Dismantling Mexico City’s Markets

Nicolás Enríquez, El Parian, óleo sobre tela, ca. Siglo XVIII. Colección Banamex.

Any historian who has walked from the metro San Lazaro to the Archivo General de la Nación in Mexico City is familiar with the smells and sounds of the “ambulantes,” or street stalls, that encircled the station. Encircled, past tense, because on April 4th, I walked out of the station, past lines of shield-baring police, to find that the city had cleared away every single stall and put up a high, metal wall in their place.

The city’s secretario del gobierno issued a statement on Twitter describing the change as a move to “reclaim public space” and to “better public transportation services.” They also listed sanitation, public safety, and illegitimate commerce as reasons for dismantling the stalls.

Unsurprisingly, the stall-owners are angry. Those vendors have been there since at least summer of 2014, my first visit to CDMX, though I assume they’ve been there much longer. It is unclear whether they will be relocated or reimbursed in any way, but even if they were to be relocated, it would be difficult to find a place that replicated the kind of sales they made by their proximity to the metro’s foot traffic.

This episode echoes my own research on commercial justice in colonial Mexico City. The struggle between the state and informal commerce has been going on since at least the early 17th century, and probably longer. In 1608, for example, royal officials demanded that all vendors that did not have explicit license to sell in the Plaza Mayor of the city should dismantle their stalls. The official complained that “many people are inclined to hang about there rather than turn to other ministries more important and necessary to the Republic.” Much later in that century, a huge fire caused by rioting masses gave officials the opportunity they’d been looking for to go after the vendors whose stalls formed the Baratillo, or the black market center of the massive Plaza Mayor market. Like the secretario, colonial officials also argued that the Baratillo formed a public health and safety concern and infringed on the rights of legitimate traders.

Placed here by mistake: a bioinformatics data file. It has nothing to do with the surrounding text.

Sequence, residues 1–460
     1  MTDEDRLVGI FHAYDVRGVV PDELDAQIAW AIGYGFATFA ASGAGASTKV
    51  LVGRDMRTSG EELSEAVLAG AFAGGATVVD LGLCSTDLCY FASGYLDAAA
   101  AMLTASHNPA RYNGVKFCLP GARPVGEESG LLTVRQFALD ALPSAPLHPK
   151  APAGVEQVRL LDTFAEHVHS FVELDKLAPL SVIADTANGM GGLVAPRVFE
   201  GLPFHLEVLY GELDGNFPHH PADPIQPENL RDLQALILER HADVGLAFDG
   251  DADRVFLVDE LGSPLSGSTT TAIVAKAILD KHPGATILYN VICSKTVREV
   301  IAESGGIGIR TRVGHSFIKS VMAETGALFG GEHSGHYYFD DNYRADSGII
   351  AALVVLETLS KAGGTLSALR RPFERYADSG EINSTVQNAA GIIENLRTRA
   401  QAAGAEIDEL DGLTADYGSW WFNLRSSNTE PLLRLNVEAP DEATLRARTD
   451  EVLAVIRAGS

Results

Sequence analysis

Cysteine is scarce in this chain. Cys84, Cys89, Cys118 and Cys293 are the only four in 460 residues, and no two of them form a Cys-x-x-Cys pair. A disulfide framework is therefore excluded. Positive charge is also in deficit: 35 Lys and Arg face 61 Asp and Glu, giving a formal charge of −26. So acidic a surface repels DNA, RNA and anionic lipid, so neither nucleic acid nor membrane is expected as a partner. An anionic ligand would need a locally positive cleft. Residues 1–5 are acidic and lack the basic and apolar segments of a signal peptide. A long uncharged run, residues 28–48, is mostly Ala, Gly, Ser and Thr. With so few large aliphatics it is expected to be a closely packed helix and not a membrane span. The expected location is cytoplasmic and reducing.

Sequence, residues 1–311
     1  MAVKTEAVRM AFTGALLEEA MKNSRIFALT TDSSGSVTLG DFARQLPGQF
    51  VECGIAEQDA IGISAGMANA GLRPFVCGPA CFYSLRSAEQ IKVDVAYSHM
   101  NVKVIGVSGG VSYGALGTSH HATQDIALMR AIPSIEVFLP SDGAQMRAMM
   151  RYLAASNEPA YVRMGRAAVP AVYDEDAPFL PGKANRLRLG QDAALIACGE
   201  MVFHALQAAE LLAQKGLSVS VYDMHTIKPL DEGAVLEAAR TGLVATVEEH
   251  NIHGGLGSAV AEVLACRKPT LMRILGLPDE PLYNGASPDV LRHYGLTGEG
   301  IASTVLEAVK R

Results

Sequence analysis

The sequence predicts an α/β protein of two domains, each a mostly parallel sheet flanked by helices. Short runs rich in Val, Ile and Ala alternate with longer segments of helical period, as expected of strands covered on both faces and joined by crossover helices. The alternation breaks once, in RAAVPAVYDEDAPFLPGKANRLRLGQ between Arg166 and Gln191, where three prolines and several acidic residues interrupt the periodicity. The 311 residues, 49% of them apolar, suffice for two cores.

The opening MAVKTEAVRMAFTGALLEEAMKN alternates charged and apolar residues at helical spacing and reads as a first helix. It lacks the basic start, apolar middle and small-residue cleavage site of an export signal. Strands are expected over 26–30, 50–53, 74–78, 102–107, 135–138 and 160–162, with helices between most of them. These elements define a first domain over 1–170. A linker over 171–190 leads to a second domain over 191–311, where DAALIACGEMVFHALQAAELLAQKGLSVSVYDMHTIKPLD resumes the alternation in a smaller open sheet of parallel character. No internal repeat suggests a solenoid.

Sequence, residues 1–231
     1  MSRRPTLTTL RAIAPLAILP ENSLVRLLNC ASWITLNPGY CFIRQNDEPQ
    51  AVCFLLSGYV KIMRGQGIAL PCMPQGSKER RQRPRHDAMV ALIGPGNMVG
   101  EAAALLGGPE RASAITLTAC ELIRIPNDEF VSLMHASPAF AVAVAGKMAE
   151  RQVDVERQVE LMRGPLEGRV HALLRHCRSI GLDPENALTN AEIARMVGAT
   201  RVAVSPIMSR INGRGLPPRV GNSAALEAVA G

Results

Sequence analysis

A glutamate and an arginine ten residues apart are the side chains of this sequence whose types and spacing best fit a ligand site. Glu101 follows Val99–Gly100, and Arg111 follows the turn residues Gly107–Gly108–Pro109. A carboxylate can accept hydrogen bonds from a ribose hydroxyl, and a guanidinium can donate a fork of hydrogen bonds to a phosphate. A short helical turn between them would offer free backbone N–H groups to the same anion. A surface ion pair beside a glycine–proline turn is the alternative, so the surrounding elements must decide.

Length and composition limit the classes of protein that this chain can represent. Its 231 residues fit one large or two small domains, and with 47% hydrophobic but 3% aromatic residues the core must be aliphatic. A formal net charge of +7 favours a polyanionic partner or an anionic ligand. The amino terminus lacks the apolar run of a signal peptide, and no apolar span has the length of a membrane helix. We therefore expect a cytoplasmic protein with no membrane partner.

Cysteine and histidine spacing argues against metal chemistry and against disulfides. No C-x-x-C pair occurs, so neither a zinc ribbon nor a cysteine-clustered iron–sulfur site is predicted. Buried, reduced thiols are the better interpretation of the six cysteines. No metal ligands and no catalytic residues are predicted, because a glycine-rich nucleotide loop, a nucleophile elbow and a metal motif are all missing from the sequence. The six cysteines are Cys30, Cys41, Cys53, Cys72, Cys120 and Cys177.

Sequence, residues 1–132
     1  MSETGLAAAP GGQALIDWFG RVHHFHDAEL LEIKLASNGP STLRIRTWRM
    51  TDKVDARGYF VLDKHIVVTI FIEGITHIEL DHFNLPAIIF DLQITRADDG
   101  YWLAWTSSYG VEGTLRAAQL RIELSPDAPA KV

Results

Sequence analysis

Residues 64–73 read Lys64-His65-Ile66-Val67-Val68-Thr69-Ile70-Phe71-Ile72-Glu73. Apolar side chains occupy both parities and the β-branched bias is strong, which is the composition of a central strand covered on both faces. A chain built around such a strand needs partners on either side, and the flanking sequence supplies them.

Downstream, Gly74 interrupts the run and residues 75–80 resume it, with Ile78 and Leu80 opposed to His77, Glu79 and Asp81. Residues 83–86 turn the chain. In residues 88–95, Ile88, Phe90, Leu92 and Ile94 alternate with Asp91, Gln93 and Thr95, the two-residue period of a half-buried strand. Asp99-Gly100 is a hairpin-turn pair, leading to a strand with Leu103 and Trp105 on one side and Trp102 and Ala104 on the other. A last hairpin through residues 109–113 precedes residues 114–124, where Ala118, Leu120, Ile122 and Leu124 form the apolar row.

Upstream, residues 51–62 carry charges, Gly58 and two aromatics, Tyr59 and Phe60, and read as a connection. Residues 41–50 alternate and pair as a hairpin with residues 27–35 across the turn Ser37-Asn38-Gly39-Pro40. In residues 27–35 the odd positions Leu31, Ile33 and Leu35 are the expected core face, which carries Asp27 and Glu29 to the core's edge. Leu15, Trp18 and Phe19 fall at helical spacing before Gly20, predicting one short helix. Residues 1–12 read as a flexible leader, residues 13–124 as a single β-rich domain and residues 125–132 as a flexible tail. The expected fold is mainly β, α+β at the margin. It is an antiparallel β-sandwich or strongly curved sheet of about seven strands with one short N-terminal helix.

And so they did, in some ways. The black market traders set prices lower than their legitimate competitors, undercutting their business. As a colleague reminded me, these stories aren’t simply about the state oppressing the people. In San Lazaro, the legitimate business owners, and even many of the metro riders, may be happy to see the informal market go, though consumers perhaps less so. In the residential, upper-middle class neighborhood of Coyoacán, the local business owners and residents have put up signs warning that ambulantes are an affront to the historical character of Coyoacán. From my research, it’s clear that they’re misremembering their own history as street stalls and vendors have formed part of the fabric of Mexico City since the colonial period. Then, as now, the government argues that it seeks to balance competing interests for the common good, though whose interests matter the most is often dictated by class, race, and gender. In pursuing the common good, it’s often the most vulnerable and economically marginalized that must make way and move over.

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